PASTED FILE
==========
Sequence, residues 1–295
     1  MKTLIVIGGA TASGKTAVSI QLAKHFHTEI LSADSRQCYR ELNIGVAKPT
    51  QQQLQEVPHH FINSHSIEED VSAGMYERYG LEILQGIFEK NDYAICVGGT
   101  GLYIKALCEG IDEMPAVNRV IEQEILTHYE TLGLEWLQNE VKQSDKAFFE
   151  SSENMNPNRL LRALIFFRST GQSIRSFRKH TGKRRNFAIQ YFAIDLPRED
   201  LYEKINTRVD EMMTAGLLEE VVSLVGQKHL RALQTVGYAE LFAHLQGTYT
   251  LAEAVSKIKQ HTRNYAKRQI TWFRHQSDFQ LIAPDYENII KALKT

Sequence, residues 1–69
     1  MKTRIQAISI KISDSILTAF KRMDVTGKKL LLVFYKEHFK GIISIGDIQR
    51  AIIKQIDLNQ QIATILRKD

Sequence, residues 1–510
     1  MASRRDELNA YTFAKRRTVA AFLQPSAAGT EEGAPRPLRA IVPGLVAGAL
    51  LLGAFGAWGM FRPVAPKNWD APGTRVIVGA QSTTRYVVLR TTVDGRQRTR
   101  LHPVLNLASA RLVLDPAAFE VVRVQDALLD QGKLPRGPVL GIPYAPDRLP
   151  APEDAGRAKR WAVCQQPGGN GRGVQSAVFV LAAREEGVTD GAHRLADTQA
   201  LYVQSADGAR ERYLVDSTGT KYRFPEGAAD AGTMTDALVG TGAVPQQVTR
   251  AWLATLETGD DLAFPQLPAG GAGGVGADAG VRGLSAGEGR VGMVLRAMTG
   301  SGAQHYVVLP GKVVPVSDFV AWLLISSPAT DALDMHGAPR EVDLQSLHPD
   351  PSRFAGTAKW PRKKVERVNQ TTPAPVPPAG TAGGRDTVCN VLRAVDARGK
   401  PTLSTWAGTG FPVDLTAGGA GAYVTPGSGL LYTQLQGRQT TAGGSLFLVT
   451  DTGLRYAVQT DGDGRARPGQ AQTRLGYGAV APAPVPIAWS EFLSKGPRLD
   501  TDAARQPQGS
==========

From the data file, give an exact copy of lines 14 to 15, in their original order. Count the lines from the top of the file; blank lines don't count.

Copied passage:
   101  LHPVLNLASA RLVLDPAAFE VVRVQDALLD QGKLPRGPVL GIPYAPDRLP
   151  APEDAGRAKR WAVCQQPGGN GRGVQSAVFV LAAREEGVTD GAHRLADTQA